Gopher snake found in Keaau


A live snake was discovered and killed Thursday afternoon at a store in Keaau, according to state agriculture officials.

Workers offloading a 40-foot shipping container from California saw the two-foot-long brown snake and prevented its escape by hitting it. The snake, which has been identified as a non-venomous gopher snake, has since died and was shipped to Honolulu this morning.

“We appreciate the quick action taken by store employees to stop the snake’s escape,” said Scott Enright, state Department of Agriculture chairman. “Hitchhiking snakes are a constant concern for the department. This situation demonstrates how important it is for all of us to be on the lookout for invasive species.”

Gopher snakes are commonly found in North America and may grow up to about seven feet. Their diet consists of small rodents, young rabbits, lizards, birds and their eggs. Prey is killed by constriction and suffocation.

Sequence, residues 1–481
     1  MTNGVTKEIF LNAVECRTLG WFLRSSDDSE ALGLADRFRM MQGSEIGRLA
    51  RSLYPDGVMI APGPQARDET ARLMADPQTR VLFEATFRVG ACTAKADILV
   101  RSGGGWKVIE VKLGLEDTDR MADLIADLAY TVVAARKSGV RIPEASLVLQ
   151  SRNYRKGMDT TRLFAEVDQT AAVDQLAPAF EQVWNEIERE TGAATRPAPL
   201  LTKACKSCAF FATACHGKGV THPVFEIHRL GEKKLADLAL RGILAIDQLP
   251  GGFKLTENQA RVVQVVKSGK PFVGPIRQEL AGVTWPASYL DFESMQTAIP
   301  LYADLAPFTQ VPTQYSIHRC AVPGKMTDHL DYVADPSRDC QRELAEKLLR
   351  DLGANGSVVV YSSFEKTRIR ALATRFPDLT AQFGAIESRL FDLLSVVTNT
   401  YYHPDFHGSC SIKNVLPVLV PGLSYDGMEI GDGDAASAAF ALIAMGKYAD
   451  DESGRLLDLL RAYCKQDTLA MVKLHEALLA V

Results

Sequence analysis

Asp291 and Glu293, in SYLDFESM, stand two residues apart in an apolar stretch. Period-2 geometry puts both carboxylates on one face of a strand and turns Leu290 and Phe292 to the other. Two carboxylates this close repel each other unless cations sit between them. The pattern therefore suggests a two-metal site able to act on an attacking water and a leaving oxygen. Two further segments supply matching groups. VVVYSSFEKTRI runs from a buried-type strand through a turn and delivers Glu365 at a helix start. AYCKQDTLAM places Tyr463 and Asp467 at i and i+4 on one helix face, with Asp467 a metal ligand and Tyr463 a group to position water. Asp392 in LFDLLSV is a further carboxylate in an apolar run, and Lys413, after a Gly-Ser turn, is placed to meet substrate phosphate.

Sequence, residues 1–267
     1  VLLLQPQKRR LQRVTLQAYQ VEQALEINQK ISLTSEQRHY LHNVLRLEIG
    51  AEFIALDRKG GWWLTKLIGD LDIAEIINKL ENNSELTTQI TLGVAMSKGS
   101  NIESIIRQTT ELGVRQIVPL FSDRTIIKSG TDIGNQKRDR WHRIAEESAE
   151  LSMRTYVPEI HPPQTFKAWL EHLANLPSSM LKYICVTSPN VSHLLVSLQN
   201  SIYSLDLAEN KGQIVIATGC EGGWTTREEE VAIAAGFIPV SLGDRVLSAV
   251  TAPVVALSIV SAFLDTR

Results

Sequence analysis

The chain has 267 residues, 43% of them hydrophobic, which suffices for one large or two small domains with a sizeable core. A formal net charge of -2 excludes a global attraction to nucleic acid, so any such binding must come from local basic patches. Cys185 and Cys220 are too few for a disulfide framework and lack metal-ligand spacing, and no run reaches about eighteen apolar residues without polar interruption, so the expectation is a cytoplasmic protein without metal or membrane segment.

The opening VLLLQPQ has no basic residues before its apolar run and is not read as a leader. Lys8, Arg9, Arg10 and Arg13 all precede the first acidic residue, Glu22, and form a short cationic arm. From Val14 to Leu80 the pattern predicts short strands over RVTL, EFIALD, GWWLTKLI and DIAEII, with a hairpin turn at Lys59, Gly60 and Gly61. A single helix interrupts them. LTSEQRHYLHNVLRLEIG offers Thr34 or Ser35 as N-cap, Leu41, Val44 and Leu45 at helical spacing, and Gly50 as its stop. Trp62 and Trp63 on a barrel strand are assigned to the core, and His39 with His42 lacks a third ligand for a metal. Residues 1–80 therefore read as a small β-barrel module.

Snakes, which are illegal in Hawaii, have no natural predators here and pose a serious threat to the local environment. Many species prey on birds and their eggs, increasing the threat to endangered native birds. Large snakes can also be a danger to the public and small pets.

Stat agriculture officials urge anyone with information on illegal animals should to the state’s toll-free PEST HOTLINE at 643-PEST (7378). Individuals who have illegal animals are encouraged to turn them in under the state’s amnesty program, which provides immunity from prosecution. Illegal animals may be turned in to any HDOA Office, municipal zoo or Humane Society — no questions asked and no fines assessed.

 

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